financial plans

What Happens When Financial Plans Meet Reality?


I’ll admit. I was riding high there for a while. Planning elaborate budget spreadsheets, setting up multiple savings accounts, scheduling automated withdraws. Educating myself on both financial and happiness philosophies. I was strong. I was motivated. Actually, I was broke. My budget was purely hypothetical, just numbers on a page. I had financial plans but it wasn’t connected to reality.

The Splurge

Then something miraculous happened. I got paid two paychecks at once. (Keep in mind, I am a freelance writer so I get straight cash, no taxes or nifty 401K withdraws taken out.) Instantly, I was RICH! Well, a lot richer than I’ve been in a very long time. I think my checking account fainted from surprise. Hell, I know I was shocked.

I don’t know about you but when I am long working from a “scarcity mindset” (fancy financial term for being butt-ass broke) and suddenly shift to a positive cash flow situation, I snap.

I want that big celebration meal, sushi or steak or expansive wine. God lord, I want that wine. I want new shoes. I want a new outfit. I want to take Uber instead of riding the bus…hell, F that. I want a monthly rental car. I want pedicures and facials and a trip back east to surprise my friends. I want toys and clothes for my daughter. I want to pay back everyone that I borrowed money from all at once. Sure, sure, save but more spend, spend, spend.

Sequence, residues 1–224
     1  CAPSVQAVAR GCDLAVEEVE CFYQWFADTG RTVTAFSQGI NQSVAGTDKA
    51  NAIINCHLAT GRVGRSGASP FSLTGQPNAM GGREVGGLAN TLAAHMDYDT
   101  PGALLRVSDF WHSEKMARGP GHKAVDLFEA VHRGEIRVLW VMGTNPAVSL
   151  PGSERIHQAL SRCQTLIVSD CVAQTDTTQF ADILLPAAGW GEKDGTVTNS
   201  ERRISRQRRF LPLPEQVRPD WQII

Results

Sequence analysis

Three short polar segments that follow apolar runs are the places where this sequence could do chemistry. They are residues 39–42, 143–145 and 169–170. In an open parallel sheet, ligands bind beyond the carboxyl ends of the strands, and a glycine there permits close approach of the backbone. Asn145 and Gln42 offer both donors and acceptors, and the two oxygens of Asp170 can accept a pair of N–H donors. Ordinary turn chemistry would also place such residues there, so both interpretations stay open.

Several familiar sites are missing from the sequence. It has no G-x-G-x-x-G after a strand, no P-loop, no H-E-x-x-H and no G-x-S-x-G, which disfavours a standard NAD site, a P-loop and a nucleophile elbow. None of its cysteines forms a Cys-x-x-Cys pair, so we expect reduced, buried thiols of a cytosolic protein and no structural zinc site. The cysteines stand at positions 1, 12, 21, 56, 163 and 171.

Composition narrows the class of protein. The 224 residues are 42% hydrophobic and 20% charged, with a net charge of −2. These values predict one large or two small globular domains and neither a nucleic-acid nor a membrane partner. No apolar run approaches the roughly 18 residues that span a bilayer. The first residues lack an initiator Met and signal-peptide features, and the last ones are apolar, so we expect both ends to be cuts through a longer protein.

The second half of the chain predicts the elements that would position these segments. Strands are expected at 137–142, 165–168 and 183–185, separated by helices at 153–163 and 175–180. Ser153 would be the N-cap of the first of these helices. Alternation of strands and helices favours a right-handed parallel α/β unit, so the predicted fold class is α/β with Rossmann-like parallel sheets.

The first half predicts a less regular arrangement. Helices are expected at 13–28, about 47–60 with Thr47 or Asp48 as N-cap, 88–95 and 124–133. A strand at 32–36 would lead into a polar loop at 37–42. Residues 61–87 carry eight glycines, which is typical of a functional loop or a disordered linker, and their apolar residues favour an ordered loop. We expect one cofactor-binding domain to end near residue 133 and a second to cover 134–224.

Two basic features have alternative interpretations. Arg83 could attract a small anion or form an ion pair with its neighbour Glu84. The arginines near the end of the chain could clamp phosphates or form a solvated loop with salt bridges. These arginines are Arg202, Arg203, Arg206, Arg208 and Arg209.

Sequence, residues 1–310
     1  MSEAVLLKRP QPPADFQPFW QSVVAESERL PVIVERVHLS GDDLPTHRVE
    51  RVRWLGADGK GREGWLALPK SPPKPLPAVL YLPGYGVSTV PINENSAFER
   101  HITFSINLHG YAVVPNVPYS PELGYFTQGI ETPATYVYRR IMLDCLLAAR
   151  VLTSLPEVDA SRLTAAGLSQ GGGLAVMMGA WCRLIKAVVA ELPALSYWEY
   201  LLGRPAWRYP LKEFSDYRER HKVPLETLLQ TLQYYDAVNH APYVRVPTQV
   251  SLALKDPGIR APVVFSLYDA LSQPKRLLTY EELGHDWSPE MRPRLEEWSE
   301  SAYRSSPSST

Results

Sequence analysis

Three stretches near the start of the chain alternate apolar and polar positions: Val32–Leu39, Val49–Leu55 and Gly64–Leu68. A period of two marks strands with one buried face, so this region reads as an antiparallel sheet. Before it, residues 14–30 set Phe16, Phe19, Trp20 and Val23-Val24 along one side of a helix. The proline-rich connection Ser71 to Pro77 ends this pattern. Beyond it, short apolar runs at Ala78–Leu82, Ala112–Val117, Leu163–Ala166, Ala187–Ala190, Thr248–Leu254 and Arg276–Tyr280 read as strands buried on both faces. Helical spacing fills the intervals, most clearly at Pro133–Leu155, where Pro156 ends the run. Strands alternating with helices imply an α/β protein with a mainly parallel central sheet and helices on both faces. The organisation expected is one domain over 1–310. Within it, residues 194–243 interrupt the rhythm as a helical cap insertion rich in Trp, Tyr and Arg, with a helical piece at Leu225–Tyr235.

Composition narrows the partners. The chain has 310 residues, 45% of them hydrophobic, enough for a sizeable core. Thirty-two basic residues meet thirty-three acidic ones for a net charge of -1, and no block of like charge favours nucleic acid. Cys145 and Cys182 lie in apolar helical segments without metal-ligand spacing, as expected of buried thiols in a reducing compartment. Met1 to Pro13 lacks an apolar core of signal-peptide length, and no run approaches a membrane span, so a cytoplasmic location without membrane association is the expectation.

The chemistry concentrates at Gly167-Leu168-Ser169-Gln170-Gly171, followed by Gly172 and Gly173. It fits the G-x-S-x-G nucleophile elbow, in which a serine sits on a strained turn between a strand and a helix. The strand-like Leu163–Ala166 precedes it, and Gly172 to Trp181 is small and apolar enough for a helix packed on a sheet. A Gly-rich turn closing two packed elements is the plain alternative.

The Compromise

And to an extent, I did. I did have that celebration meal. But it was at a local taqueria. (Sadly, one beer instead of a bottle of wine.)  I did get new shoes (1 pair) and a new outfit, all courtesy the exclusive boutique, Tar-get. I took the bus. No pretty toes and no trips. My daughter got a dress and a toy (because I’m a sucker). I did take Uber a bit more than usual.

For the most part, I worked my plan.

WHAT? I know! I’m shocked, too. I saved what I had planned and paid what I planned. An apartment was located and know I’ll have enough for the move-in costs because I planned it that way. I’m actually super proud of myself. Yes, I did spend a bit too much when the money finally arrived. But I didn’t “blow the budget.” I splurged a bit but I did far more right than I did the wrong. I paid toward my debts and even managed to save money.

The Lesson

Know thyself, someone really famous and now dead said once.

I must know myself well enough to know that nothing balances out to the penny in real life. I knew my financial plan was “on paper.”  I knew that I can make anything look good on paper. Hell, it’s what I do for a living!

A budget isn’t real life. Well, at least it is not yet for me. I still don’t use a check register. I don’t write down where every penny went. But I do know how much I put aside for what and when.

What saved me was a good financial plan, a bit of restraint, a lot of determination and wiggle. Yes, I said wiggle. You see, that is what I call the last row in my budget that shows the variance between income and expenses. It’s my margin of error. It’s my safety net.

And, hey! If life doesn’t allow for a little wiggle once and a while, what fun is it anyway? If you don’t have a little wiggle in your budget, you might want to work one in. It’s my savior this week and I’m grateful for it.


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